Gender Differences in Factors Related to Diabetes Management in Chinese American Immigrants

  • Chesla C
  • Kwan C
  • Chun K
 et al. 
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© The Author(s) 2014. Chinese American women with type 2 diabetes (T2DM) are more vulnerable to poor diabetes outcomes than men because immigrant status, ethnicity, and economics intersect with gender to diminish disease management opportunities. We explored gender differences in factors associated with diabetes management at intake and after treatment with a behavioral intervention in first-generation Chinese American immigrants. A sample of 178 Chinese Americans with T2DM was enrolled in a single-cohort, repeated-measures delayed-treatment trial. Data were collected at baseline, 8, 16, 24, and 32 weeks with 6-week treatment provided after 16 weeks. Gender differences at baseline and gender by treatment interactions were noted. Women at baseline reported significantly worse depressive symptoms and general health. Significant gender by treatment interactions were observed for diabetes self-efficacy, bicultural efficacy, family instrumental support, and diabetes quality of life–satisfaction. Only women showed improvement, suggesting women benefited more from the intervention in psychosocial factors related to diabetes management.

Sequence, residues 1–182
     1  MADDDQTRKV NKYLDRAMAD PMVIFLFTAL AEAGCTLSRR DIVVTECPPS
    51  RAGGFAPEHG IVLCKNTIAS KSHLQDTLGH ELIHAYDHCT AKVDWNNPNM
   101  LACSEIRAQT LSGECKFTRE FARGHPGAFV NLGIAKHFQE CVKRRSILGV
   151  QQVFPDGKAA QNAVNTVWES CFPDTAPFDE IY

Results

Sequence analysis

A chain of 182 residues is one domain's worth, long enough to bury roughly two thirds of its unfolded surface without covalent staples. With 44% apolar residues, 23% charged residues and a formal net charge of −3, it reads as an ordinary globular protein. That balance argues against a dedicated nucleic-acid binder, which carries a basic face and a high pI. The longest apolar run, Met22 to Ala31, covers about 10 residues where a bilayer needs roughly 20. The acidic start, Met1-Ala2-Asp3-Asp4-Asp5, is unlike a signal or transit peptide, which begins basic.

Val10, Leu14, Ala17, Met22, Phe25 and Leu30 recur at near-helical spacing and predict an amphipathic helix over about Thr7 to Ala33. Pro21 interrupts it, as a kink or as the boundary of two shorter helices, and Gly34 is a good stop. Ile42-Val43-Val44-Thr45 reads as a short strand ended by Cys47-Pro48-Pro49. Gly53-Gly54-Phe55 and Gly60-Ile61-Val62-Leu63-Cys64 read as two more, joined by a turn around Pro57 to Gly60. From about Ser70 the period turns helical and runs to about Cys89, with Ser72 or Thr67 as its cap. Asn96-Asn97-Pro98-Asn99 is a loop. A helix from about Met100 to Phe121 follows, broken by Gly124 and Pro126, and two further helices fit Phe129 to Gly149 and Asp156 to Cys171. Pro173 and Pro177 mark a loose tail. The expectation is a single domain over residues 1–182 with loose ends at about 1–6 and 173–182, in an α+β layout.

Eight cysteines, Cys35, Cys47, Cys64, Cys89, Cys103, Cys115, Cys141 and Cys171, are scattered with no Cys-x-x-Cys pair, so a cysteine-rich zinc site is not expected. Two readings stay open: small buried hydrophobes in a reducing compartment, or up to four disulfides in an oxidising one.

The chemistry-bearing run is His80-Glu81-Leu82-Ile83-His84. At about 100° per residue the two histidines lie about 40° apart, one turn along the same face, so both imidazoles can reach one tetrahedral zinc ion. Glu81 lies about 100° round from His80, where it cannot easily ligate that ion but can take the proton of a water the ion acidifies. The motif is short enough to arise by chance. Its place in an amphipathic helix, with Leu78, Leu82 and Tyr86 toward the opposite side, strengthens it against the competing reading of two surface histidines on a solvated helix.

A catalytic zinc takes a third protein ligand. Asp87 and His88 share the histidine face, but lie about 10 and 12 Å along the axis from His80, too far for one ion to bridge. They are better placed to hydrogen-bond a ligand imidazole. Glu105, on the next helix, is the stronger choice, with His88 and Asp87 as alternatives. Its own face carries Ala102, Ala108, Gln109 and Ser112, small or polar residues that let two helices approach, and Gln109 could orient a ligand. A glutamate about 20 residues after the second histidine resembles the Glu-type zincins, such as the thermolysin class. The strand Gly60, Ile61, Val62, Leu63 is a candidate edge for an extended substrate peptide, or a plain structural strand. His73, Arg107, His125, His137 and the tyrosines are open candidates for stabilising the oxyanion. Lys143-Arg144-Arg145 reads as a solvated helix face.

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  • C.A. Chesla

  • C.M.L. Kwan

  • K.M. Chun

  • L. Stryker

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